RELATED POST: The 10 Best Things I Did In 2016 To Grow My Business
6. Underpriced myself for an absolute age
This is a big one, and I still feel hesitant about it when I quote my (now much more reasonable) prices.
I underpriced myself for both web design and copywriting for the longest time. Partly because it’s a very competitive field and there are always dodgy people out there who try to bid you down. I felt I needed to prove myself and I ignored my existing skills and talents.
But the biggest problem with underpricing is that I also undervalued my own services, and myself. Yes, charging higher prices means putting a strong value on yourself. But it also attracts a better calibre of client who is more committed to the job and has more confidence in you. I wish I’d considered those factors too in my early day pricing.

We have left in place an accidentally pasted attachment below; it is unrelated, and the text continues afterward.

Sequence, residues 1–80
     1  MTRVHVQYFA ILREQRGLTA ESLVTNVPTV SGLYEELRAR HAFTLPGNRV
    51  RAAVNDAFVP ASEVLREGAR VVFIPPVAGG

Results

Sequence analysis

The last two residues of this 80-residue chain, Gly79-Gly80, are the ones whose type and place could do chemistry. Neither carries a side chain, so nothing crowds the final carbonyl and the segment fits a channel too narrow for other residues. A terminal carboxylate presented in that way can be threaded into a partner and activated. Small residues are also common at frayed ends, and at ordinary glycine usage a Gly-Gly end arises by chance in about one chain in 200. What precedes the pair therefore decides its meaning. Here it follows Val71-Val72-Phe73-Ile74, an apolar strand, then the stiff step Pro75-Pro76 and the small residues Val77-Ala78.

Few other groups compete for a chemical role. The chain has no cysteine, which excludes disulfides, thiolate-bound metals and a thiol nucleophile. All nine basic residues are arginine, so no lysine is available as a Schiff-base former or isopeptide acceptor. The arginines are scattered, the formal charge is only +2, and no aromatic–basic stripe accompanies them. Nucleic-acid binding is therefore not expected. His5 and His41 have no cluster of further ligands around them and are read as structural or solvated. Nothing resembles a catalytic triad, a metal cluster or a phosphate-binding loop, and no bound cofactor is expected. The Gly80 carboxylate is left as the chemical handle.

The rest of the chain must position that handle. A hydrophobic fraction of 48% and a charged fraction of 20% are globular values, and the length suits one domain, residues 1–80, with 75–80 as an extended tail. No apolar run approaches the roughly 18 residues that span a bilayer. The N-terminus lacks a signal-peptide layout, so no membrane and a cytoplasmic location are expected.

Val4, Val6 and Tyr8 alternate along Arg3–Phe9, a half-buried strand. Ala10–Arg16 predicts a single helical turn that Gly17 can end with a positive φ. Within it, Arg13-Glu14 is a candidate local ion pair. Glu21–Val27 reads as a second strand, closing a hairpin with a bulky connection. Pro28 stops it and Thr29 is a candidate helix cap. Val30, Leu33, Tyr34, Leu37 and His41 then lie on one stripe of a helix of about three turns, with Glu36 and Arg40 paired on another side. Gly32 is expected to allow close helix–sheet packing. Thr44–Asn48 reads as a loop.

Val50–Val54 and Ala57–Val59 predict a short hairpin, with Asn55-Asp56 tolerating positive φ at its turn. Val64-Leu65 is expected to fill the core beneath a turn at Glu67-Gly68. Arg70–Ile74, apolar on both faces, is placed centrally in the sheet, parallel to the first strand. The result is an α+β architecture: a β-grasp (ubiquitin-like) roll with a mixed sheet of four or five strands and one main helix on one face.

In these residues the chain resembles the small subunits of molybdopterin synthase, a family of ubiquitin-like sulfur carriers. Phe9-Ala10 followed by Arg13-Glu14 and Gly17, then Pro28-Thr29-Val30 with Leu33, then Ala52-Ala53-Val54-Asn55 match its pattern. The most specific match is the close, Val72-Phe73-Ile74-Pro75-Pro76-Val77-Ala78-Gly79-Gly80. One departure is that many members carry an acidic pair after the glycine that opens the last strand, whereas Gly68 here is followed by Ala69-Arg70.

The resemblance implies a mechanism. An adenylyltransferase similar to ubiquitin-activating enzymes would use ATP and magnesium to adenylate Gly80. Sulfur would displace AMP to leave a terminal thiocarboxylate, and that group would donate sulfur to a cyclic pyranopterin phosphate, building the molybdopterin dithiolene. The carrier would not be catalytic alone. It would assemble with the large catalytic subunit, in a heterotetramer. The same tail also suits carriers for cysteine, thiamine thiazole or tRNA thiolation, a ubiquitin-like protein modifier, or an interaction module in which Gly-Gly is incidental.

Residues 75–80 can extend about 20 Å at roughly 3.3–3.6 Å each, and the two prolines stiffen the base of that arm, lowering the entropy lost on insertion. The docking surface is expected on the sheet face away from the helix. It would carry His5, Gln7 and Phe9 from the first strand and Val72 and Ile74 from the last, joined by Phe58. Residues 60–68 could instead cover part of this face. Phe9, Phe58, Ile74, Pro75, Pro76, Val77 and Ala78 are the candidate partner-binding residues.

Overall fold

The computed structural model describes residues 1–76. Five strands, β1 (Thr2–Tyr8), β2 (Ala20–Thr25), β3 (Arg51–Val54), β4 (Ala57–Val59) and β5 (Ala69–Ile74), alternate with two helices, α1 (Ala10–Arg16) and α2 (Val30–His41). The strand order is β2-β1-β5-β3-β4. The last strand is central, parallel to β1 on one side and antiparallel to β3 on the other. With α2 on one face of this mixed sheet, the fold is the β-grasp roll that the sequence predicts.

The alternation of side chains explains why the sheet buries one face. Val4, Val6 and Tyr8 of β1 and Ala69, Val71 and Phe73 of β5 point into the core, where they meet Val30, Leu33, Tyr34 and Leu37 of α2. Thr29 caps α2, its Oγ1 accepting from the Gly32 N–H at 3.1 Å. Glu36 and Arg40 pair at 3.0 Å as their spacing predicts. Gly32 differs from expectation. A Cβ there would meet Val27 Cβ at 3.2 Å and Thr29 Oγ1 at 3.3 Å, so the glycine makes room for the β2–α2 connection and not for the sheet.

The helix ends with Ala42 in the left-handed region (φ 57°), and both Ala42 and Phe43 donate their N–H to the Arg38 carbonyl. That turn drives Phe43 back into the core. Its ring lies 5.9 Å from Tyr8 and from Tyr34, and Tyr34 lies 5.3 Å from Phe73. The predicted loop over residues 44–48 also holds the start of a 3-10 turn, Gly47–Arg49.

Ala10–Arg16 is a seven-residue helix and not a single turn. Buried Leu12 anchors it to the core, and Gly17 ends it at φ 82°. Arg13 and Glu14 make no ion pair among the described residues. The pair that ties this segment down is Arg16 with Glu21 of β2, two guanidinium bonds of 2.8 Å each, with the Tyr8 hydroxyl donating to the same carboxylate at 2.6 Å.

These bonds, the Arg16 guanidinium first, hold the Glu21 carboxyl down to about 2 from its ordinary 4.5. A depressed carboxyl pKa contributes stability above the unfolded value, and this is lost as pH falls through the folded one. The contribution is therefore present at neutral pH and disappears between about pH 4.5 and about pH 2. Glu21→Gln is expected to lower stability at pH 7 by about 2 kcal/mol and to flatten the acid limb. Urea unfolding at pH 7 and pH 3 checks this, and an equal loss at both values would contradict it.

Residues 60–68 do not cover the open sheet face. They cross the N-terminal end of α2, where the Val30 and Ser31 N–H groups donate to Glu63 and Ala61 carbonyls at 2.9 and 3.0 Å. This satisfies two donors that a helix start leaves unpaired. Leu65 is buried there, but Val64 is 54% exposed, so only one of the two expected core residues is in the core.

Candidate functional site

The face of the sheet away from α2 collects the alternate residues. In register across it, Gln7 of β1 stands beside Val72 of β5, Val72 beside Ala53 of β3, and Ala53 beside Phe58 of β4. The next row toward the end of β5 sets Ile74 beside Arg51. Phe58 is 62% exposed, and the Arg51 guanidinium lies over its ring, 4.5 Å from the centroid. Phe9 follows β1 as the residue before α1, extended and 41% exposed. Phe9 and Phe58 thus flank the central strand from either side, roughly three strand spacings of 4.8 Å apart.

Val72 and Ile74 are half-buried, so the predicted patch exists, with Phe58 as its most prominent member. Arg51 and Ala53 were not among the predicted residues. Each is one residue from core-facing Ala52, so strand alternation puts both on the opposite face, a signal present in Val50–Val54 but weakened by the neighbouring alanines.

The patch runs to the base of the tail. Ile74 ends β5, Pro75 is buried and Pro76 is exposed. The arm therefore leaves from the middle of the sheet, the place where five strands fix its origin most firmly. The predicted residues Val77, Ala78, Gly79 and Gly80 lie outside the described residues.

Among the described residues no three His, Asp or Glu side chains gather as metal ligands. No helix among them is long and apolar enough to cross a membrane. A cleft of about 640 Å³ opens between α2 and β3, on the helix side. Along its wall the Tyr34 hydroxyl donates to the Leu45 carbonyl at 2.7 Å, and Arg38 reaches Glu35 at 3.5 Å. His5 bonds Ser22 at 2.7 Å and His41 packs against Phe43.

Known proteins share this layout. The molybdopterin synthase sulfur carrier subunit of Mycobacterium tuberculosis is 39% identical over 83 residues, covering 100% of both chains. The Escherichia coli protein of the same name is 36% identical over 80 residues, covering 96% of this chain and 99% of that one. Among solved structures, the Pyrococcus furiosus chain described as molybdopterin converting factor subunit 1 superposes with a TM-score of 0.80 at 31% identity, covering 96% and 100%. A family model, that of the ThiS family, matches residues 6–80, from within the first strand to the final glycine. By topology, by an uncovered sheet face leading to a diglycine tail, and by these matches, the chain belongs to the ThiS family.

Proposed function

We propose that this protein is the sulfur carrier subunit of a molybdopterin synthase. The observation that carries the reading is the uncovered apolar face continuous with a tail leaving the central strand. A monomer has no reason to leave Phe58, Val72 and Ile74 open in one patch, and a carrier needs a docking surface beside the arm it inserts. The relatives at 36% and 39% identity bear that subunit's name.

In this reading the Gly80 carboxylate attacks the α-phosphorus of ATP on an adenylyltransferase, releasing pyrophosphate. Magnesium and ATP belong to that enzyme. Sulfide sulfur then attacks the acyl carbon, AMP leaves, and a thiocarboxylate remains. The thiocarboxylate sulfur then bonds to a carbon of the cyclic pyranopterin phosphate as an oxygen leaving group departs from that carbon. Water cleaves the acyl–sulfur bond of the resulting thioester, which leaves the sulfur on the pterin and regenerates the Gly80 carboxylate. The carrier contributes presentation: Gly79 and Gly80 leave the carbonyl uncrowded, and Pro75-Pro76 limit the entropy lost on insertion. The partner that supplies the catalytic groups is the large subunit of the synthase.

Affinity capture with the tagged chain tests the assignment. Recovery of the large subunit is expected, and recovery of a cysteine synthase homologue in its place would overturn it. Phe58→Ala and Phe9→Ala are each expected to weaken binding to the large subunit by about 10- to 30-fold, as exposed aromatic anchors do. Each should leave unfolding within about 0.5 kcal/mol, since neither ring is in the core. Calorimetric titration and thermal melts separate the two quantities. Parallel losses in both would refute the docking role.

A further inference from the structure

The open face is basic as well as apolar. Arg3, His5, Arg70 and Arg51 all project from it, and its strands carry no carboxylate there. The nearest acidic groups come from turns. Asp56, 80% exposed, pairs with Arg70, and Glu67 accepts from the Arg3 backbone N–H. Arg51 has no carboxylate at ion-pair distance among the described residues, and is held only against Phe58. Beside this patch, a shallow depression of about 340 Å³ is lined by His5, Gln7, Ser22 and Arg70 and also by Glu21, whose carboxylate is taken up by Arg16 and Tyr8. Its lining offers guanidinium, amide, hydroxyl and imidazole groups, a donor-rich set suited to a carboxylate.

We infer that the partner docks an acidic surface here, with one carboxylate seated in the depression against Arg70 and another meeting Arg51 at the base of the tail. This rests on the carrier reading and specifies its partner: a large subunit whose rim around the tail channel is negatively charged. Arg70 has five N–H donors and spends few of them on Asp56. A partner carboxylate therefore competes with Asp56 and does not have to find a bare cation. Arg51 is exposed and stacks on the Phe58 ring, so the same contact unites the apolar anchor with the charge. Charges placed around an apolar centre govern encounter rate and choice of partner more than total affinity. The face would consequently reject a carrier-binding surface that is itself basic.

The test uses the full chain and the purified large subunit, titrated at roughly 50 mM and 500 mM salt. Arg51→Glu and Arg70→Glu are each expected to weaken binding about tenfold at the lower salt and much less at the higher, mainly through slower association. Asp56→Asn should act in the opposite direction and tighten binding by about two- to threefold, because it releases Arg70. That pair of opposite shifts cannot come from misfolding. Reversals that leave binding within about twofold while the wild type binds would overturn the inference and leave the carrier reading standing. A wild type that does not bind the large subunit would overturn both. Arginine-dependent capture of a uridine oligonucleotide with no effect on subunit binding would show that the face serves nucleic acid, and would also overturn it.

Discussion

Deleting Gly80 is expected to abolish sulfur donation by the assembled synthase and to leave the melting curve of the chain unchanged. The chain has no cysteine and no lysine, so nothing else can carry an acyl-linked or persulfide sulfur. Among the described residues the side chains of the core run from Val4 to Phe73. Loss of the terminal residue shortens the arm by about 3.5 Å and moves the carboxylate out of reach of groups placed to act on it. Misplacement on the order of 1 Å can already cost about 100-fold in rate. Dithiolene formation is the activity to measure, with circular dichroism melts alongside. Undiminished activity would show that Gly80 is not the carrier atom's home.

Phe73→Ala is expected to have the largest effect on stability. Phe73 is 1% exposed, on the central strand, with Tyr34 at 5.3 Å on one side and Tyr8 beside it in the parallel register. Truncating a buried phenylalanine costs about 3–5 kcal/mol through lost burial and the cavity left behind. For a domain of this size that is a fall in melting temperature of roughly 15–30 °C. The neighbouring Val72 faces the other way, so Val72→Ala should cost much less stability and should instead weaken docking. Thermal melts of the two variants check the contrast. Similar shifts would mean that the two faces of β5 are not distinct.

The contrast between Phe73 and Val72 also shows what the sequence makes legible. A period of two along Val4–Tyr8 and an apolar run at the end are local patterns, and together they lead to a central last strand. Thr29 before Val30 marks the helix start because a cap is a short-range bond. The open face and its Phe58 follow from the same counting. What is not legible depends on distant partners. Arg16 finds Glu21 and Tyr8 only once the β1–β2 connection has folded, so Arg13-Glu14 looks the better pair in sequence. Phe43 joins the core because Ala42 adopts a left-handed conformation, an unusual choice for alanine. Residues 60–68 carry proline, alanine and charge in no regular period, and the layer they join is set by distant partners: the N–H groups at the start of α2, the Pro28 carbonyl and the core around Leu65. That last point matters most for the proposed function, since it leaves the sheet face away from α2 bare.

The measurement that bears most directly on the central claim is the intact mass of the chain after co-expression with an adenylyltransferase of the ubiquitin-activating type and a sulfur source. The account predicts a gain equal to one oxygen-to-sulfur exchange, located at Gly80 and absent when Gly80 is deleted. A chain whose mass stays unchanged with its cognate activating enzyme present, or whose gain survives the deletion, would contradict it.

7. Did too much stuff for free
This is another problem area for me. I love a good cause and I’m always doing things for free. Free email advice and free social media help for small businesses. Free design advice, free website reviews, free image optimisation and free SEO help. You get the picture.
I love helping other people but after 3 years of freebies, I’ve realised that I have to help myself too. And that means saying no to “this little job”, and making my priorities known.
8. Didn’t hustle enough
I’m not one for hustling so it isn’t a big surprise that I postponed this one… for ever.